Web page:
Scholarships, grants and loans can all help you pay for college. Think of scholarships and grants as gifts that you don’t have to repay. Scholarships are typically merit-based, and grants are need-based awards. Student loans, on the other hand, typically must be repaid within 10 years of your graduation.
Each type of financial aid follows its own application and offer process. Applying for federal student aid is the most common and is streamlined for efficiency. You’ll receive awards and offers through your college and through any private lenders or donors to which you have applied.
Finding and Applying for Financial Aid
It’s never too early to begin looking for scholarships. You can start your search on free websites like Fastweb and the College Board. You may also be eligible for scholarships and grants specific to your college or university, and even some high schools award them to college-bound students.
When you find a scholarship for which you qualify, its application instructions should be included. For scholarships, you may need to write an essay. Be sure to pay attention to all the rules and guidelines, as well as any deadlines.
For grants and loans, the application process typically is easier. Most grants and loans simply require you to complete the FAFSA, the Free Application for Federal Student Aid.
The FAFSA is used to determine your financial need and can qualify you for need-based loans and grants. Originally created to qualify individuals for federal aid only, the FAFSA is now used to determine most need-based aid, federal and otherwise.
Students — and their parents — should aim to complete the FAFSA during their senior years after their college applications are completed. Be aware that it has a deadline in the spring that can change year to year. You must complete a FAFSA each year you plan to attend college.
There will be an area on the FAFSA where you can indicate which schools you’ve applied to. Each school you list will receive a copy of your FAFSA results once they are completed by the government.
You may also need to complete a CSS/Financial Aid PROFILE (CSS Profile) via the College Board. Like the FAFSA, the PROFILE provides a way to determine financial need and connect students to aid opportunities.
Student Aid Report
If you are awarded a scholarship, the scholarship donor will alert you separately. The method depends on who is funding the scholarship and how you applied. For example, you may receive a notice with your acceptance letter from a college that you’ve been chosen to receive a scholarship.
If you filled out the FAFSA, you’ll receive a Student Aid Report (SAR) after the federal government processes your paperwork. This can take three to five days if you submitted the document electronically and provide a valid email address. If you submit a paper FAFSA and do not provide an email address, it could take three weeks for you to receive your SAR by postal mail.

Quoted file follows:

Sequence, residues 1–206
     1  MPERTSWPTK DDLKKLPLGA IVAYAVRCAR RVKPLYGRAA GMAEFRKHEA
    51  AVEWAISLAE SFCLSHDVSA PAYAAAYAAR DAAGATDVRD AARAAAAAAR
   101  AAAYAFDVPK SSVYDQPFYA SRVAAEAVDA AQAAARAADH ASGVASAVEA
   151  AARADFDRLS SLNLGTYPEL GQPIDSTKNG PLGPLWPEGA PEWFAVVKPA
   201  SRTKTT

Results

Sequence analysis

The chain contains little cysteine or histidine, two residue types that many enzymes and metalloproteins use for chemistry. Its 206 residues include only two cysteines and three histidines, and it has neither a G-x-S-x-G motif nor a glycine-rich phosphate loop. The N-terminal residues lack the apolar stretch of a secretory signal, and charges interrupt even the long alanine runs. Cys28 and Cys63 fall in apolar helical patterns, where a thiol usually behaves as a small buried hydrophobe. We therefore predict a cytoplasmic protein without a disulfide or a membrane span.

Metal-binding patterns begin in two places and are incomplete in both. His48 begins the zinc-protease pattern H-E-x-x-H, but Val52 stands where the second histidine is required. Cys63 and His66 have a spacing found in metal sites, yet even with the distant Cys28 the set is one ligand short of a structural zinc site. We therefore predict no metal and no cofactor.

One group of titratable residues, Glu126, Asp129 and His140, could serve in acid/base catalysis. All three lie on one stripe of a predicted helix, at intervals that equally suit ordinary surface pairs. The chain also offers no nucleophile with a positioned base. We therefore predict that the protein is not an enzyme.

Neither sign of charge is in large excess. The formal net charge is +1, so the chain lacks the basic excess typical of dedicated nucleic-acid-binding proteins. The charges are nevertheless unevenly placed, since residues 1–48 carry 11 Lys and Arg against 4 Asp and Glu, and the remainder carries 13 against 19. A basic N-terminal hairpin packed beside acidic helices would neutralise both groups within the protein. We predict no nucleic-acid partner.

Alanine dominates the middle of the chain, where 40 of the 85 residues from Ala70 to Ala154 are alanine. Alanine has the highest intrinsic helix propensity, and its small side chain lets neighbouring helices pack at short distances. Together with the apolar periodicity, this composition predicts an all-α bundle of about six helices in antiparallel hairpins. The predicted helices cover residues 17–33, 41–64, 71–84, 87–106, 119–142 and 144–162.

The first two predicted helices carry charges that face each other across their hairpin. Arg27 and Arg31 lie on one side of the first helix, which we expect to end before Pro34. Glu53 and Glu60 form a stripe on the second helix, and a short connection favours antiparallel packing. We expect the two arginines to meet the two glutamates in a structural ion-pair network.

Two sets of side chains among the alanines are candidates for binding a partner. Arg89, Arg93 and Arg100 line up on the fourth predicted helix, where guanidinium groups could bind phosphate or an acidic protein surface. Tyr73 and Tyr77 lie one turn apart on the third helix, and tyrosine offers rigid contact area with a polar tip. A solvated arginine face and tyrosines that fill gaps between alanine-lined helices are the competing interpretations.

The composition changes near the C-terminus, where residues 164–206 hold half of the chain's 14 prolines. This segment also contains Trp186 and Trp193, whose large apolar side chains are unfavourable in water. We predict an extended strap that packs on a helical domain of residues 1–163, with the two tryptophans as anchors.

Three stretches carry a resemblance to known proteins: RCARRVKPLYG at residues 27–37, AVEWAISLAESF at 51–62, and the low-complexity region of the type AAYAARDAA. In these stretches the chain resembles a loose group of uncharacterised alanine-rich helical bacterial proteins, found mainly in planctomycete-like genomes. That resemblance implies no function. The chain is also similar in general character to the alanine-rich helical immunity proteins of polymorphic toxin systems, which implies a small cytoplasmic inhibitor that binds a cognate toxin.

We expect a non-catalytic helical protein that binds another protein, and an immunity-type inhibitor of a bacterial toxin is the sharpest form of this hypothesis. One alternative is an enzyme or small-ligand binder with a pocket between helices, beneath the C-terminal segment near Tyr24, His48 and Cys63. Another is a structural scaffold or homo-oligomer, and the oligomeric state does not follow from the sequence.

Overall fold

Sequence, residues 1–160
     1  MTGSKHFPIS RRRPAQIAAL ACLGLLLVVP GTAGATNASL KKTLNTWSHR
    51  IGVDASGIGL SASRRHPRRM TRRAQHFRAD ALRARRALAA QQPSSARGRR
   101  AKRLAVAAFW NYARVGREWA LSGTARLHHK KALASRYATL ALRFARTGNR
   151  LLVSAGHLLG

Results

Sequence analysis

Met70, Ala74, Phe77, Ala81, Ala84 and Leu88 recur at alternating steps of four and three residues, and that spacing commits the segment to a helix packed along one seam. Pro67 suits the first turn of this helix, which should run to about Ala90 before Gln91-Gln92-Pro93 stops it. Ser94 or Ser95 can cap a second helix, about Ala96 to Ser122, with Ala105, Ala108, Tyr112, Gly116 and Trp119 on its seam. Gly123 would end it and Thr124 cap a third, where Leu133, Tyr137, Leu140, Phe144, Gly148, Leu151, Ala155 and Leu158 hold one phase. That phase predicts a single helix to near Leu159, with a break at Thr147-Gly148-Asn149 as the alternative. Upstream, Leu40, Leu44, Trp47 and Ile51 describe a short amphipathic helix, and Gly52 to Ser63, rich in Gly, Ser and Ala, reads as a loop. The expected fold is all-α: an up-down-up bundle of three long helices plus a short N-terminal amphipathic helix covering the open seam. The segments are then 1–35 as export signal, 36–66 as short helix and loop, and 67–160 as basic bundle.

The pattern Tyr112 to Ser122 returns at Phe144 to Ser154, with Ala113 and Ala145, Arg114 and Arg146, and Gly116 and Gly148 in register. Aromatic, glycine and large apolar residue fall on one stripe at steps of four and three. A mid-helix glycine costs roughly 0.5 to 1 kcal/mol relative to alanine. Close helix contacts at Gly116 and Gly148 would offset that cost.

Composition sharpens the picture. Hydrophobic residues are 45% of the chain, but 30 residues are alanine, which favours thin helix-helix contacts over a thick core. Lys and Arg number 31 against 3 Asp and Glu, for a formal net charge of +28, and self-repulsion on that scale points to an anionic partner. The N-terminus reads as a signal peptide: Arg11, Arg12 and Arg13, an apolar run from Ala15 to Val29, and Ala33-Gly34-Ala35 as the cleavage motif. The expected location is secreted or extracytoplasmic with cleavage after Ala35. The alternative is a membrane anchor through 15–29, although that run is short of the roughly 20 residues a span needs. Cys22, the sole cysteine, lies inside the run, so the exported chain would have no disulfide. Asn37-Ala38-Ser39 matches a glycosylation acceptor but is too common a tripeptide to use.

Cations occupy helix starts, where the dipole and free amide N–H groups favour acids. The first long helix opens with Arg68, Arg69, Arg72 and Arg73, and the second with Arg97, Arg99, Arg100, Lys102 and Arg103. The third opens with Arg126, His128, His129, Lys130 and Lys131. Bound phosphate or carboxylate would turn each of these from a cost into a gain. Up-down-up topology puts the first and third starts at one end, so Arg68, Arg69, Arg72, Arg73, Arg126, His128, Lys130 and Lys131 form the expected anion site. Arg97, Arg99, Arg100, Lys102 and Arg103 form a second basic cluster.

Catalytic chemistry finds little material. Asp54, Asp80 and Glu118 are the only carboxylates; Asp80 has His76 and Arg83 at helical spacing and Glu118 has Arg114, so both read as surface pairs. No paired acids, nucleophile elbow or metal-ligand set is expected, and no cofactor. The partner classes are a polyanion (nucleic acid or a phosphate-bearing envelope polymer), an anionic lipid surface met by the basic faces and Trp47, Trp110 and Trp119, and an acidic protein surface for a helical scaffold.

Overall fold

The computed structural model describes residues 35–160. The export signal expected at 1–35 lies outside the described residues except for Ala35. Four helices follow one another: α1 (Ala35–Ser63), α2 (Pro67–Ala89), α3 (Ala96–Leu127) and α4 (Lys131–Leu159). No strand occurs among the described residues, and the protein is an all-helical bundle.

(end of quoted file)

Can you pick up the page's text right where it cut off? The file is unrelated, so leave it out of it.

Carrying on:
Your SAR includes a summary of all the information you provided. It also includes your Expected Family Contribution (EFC), which estimates how much your family is able to pay for your higher education that year.
Copies of your SAR will be sent to every school you listed on your FAFSA. Each school that accepts you will use your SAR and EFC information to create a personalized financial aid package. Schools may also use the CSS Profile or another means of determining financial aid eligibility.
Financial Aid Packages
You’ll receive a financial aid package along with any acceptance letter you receive from a college.
The goal of any financial aid package is to make sure your financial needs are met for college, through a combination of family contribution, merit-based scholarships, different types of student loans and any other financial aid means. Each financial aid package you receive will be different, although your EFC should remain fairly constant.
Financial aid packages vary by school for two main reasons:
- Each college has a different cost of attendance. What may be enough financial aid at one school may not cover the costs of another.
- Each college has different funds to pull from. Although all federal financial aid is funded by the U.S. government, it is often distributed by each school separately. That means each school has a different pool of funds available, and a different amount it can offer per student.
Remember that financial aid packages are offers and are not deals. Once you decide on a school to attend, follow that school’s instructions to reply and accept the offer.
If Aid is too Low
You may find that your financial aid offer does not cover costs to your satisfaction. This may be because your EFC was higher than you expected.
In this situation, your best option is to turn to private lenders for additional student loans. Private lenders typically rely on your credit history or that of your parents to determine if you are eligible for a loan and, if so, to determine your lending terms.